Columbia Law Review Sidebar, Vol. 110, No. 59, 2010
4 Pages Posted: 20 Sep 2010
The single subject rule, a widespread and oft-litigated state constitutional provision limiting ballot initiatives to one “subject,” has confounded judges, lawyers, and scholars for decades. The problem grows from the inability to define “subject” with precision. In A Theory of Direct Democracy and the Single Subject Rule, we attempt to solve this problem. We propose a democratic process theory of the rule, which interprets “subjects” in terms of voters’ preferences. Our theory yields a precise, objective test for determining if an initiative complies with the rule. Proper application of our test would achieve the rule’s purposes of eliminating logrolling and riding.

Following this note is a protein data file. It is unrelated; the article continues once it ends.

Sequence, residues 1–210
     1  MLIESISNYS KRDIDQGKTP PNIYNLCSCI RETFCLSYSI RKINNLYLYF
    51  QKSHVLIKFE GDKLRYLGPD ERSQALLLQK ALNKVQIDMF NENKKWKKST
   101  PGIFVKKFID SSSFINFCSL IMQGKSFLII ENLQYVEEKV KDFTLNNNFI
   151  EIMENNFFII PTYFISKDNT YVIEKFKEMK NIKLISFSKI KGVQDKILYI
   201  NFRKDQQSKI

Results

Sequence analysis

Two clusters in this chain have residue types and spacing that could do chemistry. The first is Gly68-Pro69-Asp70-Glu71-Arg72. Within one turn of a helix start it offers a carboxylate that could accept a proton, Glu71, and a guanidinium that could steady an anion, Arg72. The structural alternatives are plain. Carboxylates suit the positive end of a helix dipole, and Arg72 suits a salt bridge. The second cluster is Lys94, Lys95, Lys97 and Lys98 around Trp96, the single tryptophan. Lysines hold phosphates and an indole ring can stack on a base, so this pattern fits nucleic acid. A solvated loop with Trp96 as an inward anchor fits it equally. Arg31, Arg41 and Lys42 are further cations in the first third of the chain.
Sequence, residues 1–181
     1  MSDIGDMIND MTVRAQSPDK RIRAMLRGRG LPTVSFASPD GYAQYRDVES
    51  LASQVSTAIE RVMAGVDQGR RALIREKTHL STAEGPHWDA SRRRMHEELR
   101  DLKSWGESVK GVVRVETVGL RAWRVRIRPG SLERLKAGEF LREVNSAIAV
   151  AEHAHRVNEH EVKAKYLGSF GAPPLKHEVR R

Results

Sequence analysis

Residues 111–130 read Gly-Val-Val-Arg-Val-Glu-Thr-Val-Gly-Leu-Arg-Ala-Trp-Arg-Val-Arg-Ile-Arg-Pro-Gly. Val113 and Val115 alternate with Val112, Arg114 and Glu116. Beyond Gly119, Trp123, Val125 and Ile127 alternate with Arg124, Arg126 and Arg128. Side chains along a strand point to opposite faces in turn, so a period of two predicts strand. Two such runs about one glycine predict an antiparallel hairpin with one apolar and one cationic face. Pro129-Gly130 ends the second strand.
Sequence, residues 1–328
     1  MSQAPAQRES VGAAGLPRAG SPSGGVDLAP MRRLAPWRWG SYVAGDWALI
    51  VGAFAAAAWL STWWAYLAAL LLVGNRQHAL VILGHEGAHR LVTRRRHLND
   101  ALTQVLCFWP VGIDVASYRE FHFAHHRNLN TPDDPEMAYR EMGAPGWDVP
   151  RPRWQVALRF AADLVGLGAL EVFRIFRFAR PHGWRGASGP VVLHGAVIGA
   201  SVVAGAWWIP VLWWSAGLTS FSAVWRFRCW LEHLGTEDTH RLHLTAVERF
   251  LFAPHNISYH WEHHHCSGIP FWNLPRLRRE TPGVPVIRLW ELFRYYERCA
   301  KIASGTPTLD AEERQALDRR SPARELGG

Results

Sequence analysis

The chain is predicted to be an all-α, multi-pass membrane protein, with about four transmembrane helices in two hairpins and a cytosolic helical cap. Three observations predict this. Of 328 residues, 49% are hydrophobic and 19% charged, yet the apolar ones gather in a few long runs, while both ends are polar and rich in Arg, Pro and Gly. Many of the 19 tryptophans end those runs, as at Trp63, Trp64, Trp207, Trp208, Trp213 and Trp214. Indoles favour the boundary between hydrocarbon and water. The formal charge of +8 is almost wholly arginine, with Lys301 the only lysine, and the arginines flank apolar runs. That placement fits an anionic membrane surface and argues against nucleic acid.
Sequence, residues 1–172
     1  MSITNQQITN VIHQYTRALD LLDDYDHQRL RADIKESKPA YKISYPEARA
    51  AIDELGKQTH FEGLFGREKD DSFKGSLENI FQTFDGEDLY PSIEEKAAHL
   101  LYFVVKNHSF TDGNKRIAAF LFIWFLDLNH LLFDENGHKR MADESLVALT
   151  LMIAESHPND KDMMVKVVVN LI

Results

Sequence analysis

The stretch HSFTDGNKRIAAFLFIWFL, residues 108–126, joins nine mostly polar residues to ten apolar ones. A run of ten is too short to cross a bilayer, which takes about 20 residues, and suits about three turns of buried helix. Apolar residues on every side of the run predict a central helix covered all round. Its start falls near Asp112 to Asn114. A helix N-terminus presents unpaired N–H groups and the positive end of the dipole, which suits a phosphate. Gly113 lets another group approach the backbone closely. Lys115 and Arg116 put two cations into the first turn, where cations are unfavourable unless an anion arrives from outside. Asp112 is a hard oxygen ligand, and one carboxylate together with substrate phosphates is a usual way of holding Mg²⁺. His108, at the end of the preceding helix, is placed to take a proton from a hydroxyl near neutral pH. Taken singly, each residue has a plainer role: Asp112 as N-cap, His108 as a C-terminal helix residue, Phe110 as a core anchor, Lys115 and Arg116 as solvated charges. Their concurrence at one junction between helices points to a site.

Professors Richard Hasen and John Matsusaka, experts in election law and direct democracy, are skeptical of our approach. We appreciate their thoughtful comments, which have contributed helpfully to the debate. However, we think their skepticism misses the mark. They seem to confuse opposition to the single subject rule itself with opposition to our test.
Suggested Citation: Suggested Citation
Cooter, Robert D. and Gilbert, Michael D., Reply to Hasen and Matsusaka. Columbia Law Review Sidebar, Vol. 110, No. 59, 2010; UC Berkeley Public Law Research Paper No. 1679533. Available at SSRN: https://ssrn.com/abstract=1679533